The urban environment post COVID-19: a paradigm shift for pollution and security?

Throughout history, pandemics have severely impacted major cities and our current crisis is no different. Urban spaces with denser populations will always be more susceptible to diseases that can be spread via airborne contagions, surfaces and human to human contact. Post-COVID-19 we will be faced with immediate and long-term challenges. The first is how can we resume a “normal” life in light of what we know about modern pandemics and secondly, can we guarantee total safety for populations living in urban environments.

The solution lies in the ability of communities to accurately monitor and implement policies in the short, medium and long term. New technology and the ability to apply that technology to mitigating future crises is the most effective tool we have in our arsenal to protect communities.

In the short term: a new soundscape perception

As of March 2020, 43% of the world’s population had been subjected to some form of quarantine or isolation measures. The subsequent shutdown of all non-essential activities led to a drastic reduction in city noise and a reorganisation of the soundscape. People’s sense of hearing actually changed. Without traffic, industrial and construction noise, people’s quality of sleep improved. They also discovered that they could hear weather changes, and birds and other wildlife from the confines of their homes.

Will they still experience these acoustic joys once the confinement period has passed?

One outcome of this newly found tranquillity is that people in cities will undoubtedly become more sensitive to unpleasant noises, especially if they are perceived as unnecessary.

This may be a bit of a wake-up call to those industries that are responsible. Construction sites are especially susceptible. They will have to be even more vigilant and organised to avoid complaints. Not only will local residents be more sensitive to noise and vibration, but an increased number of people will continue to work from home as part pf their ‘new normal’ routine and will therefore be more inclined to report excessive noise levels to government authorities. Forward-thinking construction companies would benefit from implementing acoustic monitoring solutions now, even if the regulations may not specifically require them to do so.

In the medium term: increased air monitoring.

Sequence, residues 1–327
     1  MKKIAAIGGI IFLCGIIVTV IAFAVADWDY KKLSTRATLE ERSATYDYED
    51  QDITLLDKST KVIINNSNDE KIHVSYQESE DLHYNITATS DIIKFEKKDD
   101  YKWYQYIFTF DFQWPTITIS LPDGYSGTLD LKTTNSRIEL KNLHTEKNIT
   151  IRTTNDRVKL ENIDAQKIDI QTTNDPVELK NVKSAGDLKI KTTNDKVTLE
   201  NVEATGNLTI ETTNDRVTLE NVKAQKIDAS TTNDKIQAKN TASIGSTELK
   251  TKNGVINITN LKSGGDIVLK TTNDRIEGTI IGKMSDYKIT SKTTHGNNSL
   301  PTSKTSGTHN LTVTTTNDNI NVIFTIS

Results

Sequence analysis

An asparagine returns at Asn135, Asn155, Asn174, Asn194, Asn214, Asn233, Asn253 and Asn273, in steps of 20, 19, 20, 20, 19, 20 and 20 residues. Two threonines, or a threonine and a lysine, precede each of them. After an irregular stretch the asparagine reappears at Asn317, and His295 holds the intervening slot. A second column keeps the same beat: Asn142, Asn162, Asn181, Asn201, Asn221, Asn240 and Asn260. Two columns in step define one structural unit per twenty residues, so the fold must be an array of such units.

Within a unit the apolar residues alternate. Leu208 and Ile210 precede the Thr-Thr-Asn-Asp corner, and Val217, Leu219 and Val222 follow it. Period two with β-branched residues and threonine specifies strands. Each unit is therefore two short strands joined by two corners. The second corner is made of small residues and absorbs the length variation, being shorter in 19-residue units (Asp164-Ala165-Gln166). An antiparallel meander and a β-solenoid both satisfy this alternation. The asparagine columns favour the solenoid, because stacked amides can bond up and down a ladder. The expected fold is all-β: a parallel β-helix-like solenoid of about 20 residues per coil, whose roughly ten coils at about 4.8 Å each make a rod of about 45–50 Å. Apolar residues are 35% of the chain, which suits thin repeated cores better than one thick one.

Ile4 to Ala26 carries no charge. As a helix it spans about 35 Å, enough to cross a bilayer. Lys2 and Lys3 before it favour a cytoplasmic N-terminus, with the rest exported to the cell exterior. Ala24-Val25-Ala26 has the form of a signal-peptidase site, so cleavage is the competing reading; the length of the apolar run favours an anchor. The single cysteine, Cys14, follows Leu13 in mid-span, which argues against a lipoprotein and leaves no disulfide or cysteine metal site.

We are yet to find out the limitations of COVID-19 transmission. For example, can the disease remain suspended in air and if so, for how long? Can it attach to fine particles? Can it travel without a human host? Until the scientific community can provide clear answers to these questions, populations will continue to be afraid of venturing outdoors, visiting shared indoor spaces or interacting with others.

The reduction in industrial activity and emissions as a result of restrictions on movement of people and goods has led to a marked reduction in pollution levels worldwide – one of the few positive outcomes of a pandemic that has been responsible for hundreds or thousands of deaths.

However, several studies have established a direct correlation between the level of fine particles in the air and the number of deaths due to COVID-19. Evidence suggests that people with higher levels of exposure to air pollution are more likely to die as a result of contracting the disease. This pandemic is a reminder of how just how vital the ability to breathe clean air is. Its effect on the lungs and the unbearable pain ​​is explored further in a study by the T.H. Chan School of Public Health at Harvard University.

We expect that as the pandemic continues, cities will likely be prioritising action to reduce the presence of irritating gases (nitrogen dioxide, ozone) and particles. People will demand greater transparency regarding what is being done to help safeguard their health in the face of this and potential future pandemics based on the recognised link between pollution levels and death rates.

Accurate air monitoring solutions already exist with accessible measurement equipment and increasingly intelligent analysis applications.

In the long term: health monitoring as a new dimension of city security.

Until a COVID-19 vaccine is developed, approved and made readily available, we are adjusting our lives and lifestyles to exist in a world where we are constantly on edge. We are aware that not only can a pandemic of this type and magnitude re-occur, but it may do so more frequently. With an invisible enemy, anxiety dominates, so preparedness becomes the most effective weapon.

Over time, our resilience will prevail and city populations will become less hesitant to go out. But will cities be able to turn a blind eye to future health risks and wait for the next pandemic without planning now? It’s unlikely. Health risks, like terrorist risks, will become the new normal when it comes to city security.

It is vital that we learn lessons from the COVID-19 crisis, particularly the importance of acting quickly to restrict the flow of people and ensure physical distancing to minimise risk. Based on what we know about the current and future devastating economic impact of shutting down entire cities, confinement and total quarantine can only be the exception rather than the rule.

But from a positive perspective, solutions for increased vigilance are possible. In addition to intelligent solutions that currently detect physical threats to cities, like security surveillance, innovative approaches will allow us to also implement responses to invisible threats.

Want to know more?

If you would like to learn more about innovative solutions for construction site noise and vibration monitoring, air quality monitoring or enhancing your urban security strategy, please contact us.

by Acoem contributor | June 13, 2022
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